We’ve been watching Camelot Unchained ever since its original Kickstarter in 2013 – and a lot has changed in the ensuing six years, including the anticipated launch date, as the studio spawned a second studio and built its own engine from scratch in order to service its ideal mass-scale RvR MMORPG. Right now, the game is approaching the anniversary of the launch of its first beta, and in spite of (or maybe because of) the incremental progress demonstrated in weekly dev blogs, we’ve seen readers and MMO gamers who are concerned about the game’s future but are unable to peek beyond the curtain of the NDA.
To sort out the situation, we recently spoke to City State Entertainment’s Mark Jacobs about the state of the game, digging into the NDA, the projected launch, the impact of last year’s outside investment, and the grumbling of the community during this long wait. Read on!
MassivelyOP: So as I’m crafting these questions, we’re coming up on the first anniversary of beta one. Can you give us a broad overview of how you think this first year of beta has gone and what were its most remarkable advancements?
Camelot Unchained’s Mark Jacobs: It’s been a bit of a mixed bag. Some things went great (building destruction, large-scale NPCs/ARCs) but some things didn’t go as well as expected (the ability system needed more time/effort). The most remarkable achievement was what we have been showing our Backers for the past few months, the ability to destroy a 9.4M block building, real-time, with a true physics/stability system run via the server that is fully networked. That’s pretty remarkable, even just the rendering aspect of the battle, without even factoring in building destruction.
How much longer do you think this leg of the beta will go on? You’re planning more betas, right, but not early access shenanigans?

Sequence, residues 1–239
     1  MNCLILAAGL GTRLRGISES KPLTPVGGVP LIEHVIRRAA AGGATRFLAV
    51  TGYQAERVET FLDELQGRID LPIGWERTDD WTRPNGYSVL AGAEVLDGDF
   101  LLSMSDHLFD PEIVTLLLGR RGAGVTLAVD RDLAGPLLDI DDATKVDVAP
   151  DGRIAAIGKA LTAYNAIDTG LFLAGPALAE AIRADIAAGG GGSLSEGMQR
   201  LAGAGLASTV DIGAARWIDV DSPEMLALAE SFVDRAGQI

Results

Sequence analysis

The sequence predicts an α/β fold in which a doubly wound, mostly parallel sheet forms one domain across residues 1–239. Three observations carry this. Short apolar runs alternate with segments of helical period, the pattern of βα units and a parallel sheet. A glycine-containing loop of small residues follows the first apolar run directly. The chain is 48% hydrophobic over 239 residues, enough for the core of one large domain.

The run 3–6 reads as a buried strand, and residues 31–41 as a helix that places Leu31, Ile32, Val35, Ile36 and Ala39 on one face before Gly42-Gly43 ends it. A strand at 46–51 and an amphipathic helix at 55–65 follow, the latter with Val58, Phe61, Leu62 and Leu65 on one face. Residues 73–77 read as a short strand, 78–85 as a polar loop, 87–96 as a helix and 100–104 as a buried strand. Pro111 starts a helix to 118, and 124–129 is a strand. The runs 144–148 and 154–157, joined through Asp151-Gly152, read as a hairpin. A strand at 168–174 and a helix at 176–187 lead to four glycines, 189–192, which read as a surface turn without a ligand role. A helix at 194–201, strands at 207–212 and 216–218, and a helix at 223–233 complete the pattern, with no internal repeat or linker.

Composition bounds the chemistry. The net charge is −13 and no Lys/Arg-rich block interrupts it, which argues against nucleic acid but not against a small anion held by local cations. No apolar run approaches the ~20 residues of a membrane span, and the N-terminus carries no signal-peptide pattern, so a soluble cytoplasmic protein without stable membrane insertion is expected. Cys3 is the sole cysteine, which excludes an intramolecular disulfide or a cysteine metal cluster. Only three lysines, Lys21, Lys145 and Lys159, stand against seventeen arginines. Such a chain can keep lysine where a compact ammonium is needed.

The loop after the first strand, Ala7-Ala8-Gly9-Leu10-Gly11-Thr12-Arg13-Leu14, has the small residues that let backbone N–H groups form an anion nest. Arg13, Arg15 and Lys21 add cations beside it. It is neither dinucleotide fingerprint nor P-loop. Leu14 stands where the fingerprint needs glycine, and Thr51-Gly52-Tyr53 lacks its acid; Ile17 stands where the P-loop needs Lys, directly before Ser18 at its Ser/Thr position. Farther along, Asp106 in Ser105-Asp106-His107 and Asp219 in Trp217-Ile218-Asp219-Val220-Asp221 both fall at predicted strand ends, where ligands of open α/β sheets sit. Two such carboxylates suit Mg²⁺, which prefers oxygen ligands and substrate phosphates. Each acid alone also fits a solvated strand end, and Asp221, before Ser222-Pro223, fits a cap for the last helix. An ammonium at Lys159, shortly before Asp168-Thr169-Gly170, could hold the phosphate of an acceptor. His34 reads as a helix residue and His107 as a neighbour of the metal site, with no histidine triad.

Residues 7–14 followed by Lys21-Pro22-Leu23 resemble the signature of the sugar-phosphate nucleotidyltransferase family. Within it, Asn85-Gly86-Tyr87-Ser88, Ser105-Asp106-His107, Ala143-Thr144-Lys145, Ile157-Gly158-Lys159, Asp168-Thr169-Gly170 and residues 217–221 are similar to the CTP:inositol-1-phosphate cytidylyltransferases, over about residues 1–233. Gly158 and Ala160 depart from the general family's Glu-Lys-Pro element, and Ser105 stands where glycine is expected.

After we missed our last date, I said we were just going to stop talking about dates until we were sure we can hit them. But I can say is that the plan is Beta 1 is supposed to be longest of the three Beta stages with Beta 3 intended to be the shortest. In terms of early access shenanigans, nope, none planned as of now. We have two more Beta stages planned; this is just the first one. As you know, I did the same thing in terms of the Beta stages for Dark Age of Camelot.
When will the NDA come down? Do you think keeping the NDA up for so long (compared to other indie MMOs in similar stages of production) has caused PR problems for the game?
Some games don’t mind streaming their games early because they are using great commercial engines such as Unreal. In our case, because we are building our own engine, our early days were pretty rough. It’s so much harder, as expected, when you are building almost everything from scratch. In terms of whether it has caused PR issues? No, not in the big picture. Are some people pissed, yep, I’m sure they are, and I understand and respect that, but we’ve been really clear about how we were going to do things, including the NDA, so nobody should be surprised that I’m sticking to what we said we were going to do.
In terms of when it will come down, the plan is still the same as it has been. First, we will allow people to talk about some of the tests that they are in. We’ve been doing this for months. No screenshots, no videos, but they can talk about the test, including the negative things as long as they also say that they were in a Beta 1 (of 3) build. After that, we’ll allow some people to stream certain tests. After that, we’ll open up streaming to all people for certain tests, and then we’ll open it up for anybody.